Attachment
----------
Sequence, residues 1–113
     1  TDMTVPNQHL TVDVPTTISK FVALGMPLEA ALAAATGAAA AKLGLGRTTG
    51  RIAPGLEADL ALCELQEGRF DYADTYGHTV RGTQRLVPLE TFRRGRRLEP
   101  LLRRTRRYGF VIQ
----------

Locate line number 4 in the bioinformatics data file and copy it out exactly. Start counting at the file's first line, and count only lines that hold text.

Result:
   101  LLRRTRRYGF VIQ